Healthy trail eats that pack more nutritional value, flavor

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Trail foods bump up their nutritional value with clean, real ingredients and fancy grains.

Packing light and eating well do not have to be mutually exclusive. Nutrition companies are find ways to increase the nutritional value and flavor of on-the-go eats with natural ingredients and larger array of options.

Eating clean
These days, the most important ingredients in nutrition bars and tablets are the ones not included. Gluten, soy, dairy and artificial sugars are going the way of the GMO, with gluten claiming the title for least-wanted ingredient. More gluten-free options are hitting shelves, and brands that have always offered such treats are making sure we know about it by adding certified “GF” stamps to their packages. Trail bar brand GoMacro has seen increasing demand for its gluten-, soy- and dairy-free recipes, said co-founder Amelia Kirchoff. And the popularity of clean, “real” ingredients has extended to sports tablets, too. Nuun recently switched to a plant-based formula for its sports hydration products.

Go with the grain
Ancient grains—that is, heirloom varieties of less-refined grains such as rice and barley, as well as less familiar ingredients like hemp hearts and kamut—are a hot ingredient this season, popping up in whole-grain bars and mixes. These crunchy carbohydrates are nutrient-dense, making them a natural fit for the trail food category, and also appeal to the Whole Foods audience. Many ancient grains also claim a smaller carbon footprint, which fits the green ethos of the outdoors crowd.

Menu expansion
Established nutrition brands are crossing over into one another’s territory this season by building out their product lines with a full suite of new gels, chews and bars. GU now offers a syrup waffle, and AlpineAire Foods introduces smoothie mixes. “It seemed a natural next step to create options that can act as a replacement for the typical trail snacks, and also be a delicious option beyond the backcountry into everyday activities,” said Leah Jones, marketing communications manager at Katadyn Group, which includes AlpineAire. And Setton Farms, known for its bite-sized pistachio bars, expands its offerings this year with 5-ounce resealable bags of nutty blends with flavors ranging from salty to sweet.

GoMacro Thrive Bars (MSRP $2.20) bring a low-glycemic sensibility to the nutrition bar category with a balanced protein-to-sugar ratio. Blueberry Lavender and Ginger Lemon are unique flavors, but the line also includes such classics as Chocolate Peanut Butter Chip. The plant-based protein in the bars comes from ancient grains such as quinoa, hemp hearts and sprouted flax. The bars are certified organic, kosher, vegan and gluten-free.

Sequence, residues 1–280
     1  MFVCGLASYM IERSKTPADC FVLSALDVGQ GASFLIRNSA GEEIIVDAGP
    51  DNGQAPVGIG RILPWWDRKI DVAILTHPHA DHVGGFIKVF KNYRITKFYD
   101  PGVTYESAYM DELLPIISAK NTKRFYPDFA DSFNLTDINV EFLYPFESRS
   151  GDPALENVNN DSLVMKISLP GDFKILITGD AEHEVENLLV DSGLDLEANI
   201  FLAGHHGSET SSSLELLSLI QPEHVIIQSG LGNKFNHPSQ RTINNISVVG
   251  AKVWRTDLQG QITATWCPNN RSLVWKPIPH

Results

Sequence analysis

GoMacro_Thrive_Nut_Bar

Photo courtesy of GoMacro.

AlpineAire introduces its snack line of mixes, dips and dried fruit. The Tex-Mex dips got our attention, but more unexpected were the smoothies (MSRP $6) in a pouch. AlpineAire is gambling there’s no trail-friendly blender debuting at the trade show, and now hikers can get their daily fix of flavors like Super Greens or Strawberry Banana.

Alpine_Aire_Strawberry_Banana_Smoothie

Photo courtesy of Alpine Aire.

With the Omeals pouch, you can also use any liquid to trigger a chemical reaction to start heating the precooked meals inside. Just like MREs, the flameless reaction occurs in a separate chamber and does not come in contact with the food. The ability to use any liquid also means you can save treated water for drinking or even leave the stove at home. The bag starts to steam and is ready to eat in less than 10 minutes. The new line of Homestyle Meals (MSRP $10) include Lentils with Beef, Chicken Creole with Brown Rice, Pasta Fagioli and Vegetarian Chili. The packaging includes utensils and is shelf-stable up to three years and biodegradable.

OMeals_Home_Style_Meals

Photo courtesy of Omeals.

OR newbie Kate’s Real Food offers meal bars in five flavors, from several peanut-butter-and-chocolate varieties to its Tiki Bar: Coconut Mango Cashew (MSRP $3), which is free of gluten and dairy and 85 percent organic. The labels call them “pocket meals,” and at 300 to 400 calories apiece, they should be eaten accordingly.

Kates_Real_Food_Bars

Photo courtesy of Kate's Real Food.

This story first appeared in the Day 2 issue of Outdoor Retailer Daily.

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